Travels with the Flying Dutchman: marketing managers, marketing planning and the metaphors of practice

Ardley, Barry (2005) Travels with the Flying Dutchman: marketing managers, marketing planning and the metaphors of practice. In: Academy of Marketing Annual conference, July 2005, Dublin Institute of Technology.

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Abstract

A review of the literature on strategic marketing planning reveals that the manner in which it is carried out in practice does not appear to reflect the way in which it is written about in texts. It is also clear that the exploration of marketing processes in organisations is seriously neglected from a phenomenological perspective. In order to explore this area, and the lived reality of planning from marketing managers perspectives, a research methodology was adopted using the phenomenological interview. A key research question focused investigation on determining what successful marketing decision making expertise actually consists of, if it is not about the explicit skills and knowledge embedded in the rational technical model of planning.

The subsequent phenomenological analysis of the interviews demonstrated that the complexity of marketing planning and individual action cannot be collapsed into a textual model. What managers drew on was a qualitative, locally constructed knowledge base. Marketing decision making and action was found to be based within a locally enacted hermeneutical circle of talk, relationships, tacit knowledge and emergent issues, where the plans they wrote acted as cues to action rather than as prescriptive guides. Based on these findings, a revised theoretical framework is proposed for understanding marketing planning. This framework draws on the socially constructed metaphors used by the marketing managers in this study to explain their practical activity. It is argued that this theoretical approach offers up ideas for action to other marketers, rather than prescriptions. It also indicates that much marketing activity is successful yet diverse, both in form and style.

Item Type:Conference or Workshop Item (Paper)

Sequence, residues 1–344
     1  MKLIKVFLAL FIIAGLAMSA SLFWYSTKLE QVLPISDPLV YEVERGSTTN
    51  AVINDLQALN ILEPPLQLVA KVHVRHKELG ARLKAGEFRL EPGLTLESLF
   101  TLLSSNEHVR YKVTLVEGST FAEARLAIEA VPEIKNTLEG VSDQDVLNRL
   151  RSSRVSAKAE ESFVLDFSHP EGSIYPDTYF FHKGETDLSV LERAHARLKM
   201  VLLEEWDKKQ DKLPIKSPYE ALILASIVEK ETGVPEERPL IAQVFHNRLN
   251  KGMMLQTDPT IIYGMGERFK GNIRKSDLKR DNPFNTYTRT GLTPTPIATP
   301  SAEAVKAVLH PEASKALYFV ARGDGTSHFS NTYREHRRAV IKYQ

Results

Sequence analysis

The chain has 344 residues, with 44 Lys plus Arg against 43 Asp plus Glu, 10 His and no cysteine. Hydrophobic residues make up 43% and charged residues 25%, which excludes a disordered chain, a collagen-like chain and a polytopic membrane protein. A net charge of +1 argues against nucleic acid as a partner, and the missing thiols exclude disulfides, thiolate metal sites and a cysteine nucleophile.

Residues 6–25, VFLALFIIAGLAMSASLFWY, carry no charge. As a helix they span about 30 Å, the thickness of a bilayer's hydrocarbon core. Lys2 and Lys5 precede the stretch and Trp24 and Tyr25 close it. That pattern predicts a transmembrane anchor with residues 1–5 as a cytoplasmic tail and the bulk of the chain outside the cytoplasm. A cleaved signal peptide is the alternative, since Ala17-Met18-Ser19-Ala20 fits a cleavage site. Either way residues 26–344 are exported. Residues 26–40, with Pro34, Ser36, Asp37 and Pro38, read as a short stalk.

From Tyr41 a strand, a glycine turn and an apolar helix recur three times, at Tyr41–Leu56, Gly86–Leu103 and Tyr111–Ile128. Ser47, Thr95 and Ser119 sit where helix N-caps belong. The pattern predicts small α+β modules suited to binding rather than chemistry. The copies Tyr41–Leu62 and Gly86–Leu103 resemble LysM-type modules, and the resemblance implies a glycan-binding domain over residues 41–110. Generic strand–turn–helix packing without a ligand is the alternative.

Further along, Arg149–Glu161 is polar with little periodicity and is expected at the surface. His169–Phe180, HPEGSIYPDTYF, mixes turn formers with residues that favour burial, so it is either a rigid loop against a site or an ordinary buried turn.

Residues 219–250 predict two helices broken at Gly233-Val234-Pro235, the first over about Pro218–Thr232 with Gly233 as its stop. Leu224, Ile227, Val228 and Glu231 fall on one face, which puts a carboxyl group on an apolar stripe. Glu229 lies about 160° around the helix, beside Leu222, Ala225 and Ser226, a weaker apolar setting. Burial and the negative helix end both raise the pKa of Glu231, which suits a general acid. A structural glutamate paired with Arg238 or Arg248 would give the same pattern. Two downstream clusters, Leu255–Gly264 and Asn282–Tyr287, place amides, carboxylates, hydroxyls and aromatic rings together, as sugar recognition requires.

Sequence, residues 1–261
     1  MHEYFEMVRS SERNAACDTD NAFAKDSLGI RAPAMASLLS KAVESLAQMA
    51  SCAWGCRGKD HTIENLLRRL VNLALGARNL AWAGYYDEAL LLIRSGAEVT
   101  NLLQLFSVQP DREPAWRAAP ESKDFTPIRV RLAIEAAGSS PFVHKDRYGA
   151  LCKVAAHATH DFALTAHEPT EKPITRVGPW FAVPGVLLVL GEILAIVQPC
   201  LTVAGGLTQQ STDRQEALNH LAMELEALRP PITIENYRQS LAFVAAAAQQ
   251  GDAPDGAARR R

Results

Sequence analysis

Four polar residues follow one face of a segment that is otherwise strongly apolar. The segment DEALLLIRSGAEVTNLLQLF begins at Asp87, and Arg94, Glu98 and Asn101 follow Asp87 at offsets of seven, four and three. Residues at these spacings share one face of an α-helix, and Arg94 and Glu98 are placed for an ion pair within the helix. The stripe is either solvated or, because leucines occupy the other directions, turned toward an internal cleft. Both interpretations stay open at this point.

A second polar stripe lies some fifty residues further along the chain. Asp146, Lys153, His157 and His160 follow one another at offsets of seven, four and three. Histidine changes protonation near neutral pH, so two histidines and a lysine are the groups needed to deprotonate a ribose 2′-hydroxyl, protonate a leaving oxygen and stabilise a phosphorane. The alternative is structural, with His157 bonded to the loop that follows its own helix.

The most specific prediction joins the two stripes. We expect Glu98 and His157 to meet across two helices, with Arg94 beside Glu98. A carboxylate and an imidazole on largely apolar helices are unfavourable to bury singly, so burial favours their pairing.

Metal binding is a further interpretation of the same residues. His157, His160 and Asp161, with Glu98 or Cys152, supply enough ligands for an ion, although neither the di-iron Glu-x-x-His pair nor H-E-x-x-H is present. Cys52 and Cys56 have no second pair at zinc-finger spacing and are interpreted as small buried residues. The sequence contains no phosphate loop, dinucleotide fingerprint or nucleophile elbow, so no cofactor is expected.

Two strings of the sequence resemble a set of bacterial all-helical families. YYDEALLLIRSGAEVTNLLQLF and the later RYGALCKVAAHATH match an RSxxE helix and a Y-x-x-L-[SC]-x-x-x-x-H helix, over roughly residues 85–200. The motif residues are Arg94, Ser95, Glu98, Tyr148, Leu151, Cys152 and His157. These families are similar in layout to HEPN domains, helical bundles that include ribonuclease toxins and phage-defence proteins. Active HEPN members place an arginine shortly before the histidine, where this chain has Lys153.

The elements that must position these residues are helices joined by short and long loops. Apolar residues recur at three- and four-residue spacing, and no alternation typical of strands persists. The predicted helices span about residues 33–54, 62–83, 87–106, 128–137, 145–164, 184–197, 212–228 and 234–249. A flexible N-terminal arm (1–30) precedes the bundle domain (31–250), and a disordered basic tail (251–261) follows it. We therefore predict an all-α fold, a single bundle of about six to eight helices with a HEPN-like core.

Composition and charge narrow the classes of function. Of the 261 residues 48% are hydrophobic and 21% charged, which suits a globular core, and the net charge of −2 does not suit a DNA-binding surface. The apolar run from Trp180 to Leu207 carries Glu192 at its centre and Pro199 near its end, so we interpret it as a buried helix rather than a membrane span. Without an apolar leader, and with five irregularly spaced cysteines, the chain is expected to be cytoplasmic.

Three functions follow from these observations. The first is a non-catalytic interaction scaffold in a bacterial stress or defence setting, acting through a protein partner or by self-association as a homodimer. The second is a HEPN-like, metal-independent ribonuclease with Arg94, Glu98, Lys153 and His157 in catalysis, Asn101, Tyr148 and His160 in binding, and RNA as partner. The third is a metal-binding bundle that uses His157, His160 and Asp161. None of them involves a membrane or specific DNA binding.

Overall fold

Additional Information:A review of the literature on strategic marketing planning reveals that the manner in which it is carried out in practice does not appear to reflect the way in which it is written about in texts. It is also clear that the exploration of marketing processes in organisations is seriously neglected from a phenomenological perspective. In order to explore this area, and the lived reality of planning from marketing managers perspectives, a research methodology was adopted using the phenomenological interview. A key research question focused investigation on determining what successful marketing decision making expertise actually consists of, if it is not about the explicit skills and knowledge embedded in the rational technical model of planning. The subsequent phenomenological analysis of the interviews demonstrated that the complexity of marketing planning and individual action cannot be collapsed into a textual model. What managers drew on was a qualitative, locally constructed knowledge base. Marketing decision making and action was found to be based within a locally enacted hermeneutical circle of talk, relationships, tacit knowledge and emergent issues, where the plans they wrote acted as cues to action rather than as prescriptive guides. Based on these findings, a revised theoretical framework is proposed for understanding marketing planning. This framework draws on the socially constructed metaphors used by the marketing managers in this study to explain their practical activity. It is argued that this theoretical approach offers up ideas for action to other marketers, rather than prescriptions. It also indicates that much marketing activity is successful yet diverse, both in form and style.
Keywords:marketing planning, metaphors, phenomenology
Subjects:N Business and Administrative studies > N500 Marketing
Divisions:College of Social Science > Lincoln Business School
ID Code:5784
Deposited By: Barry Ardley
Deposited On:02 Jun 2012 12:45
Last Modified:13 Mar 2013 09:10

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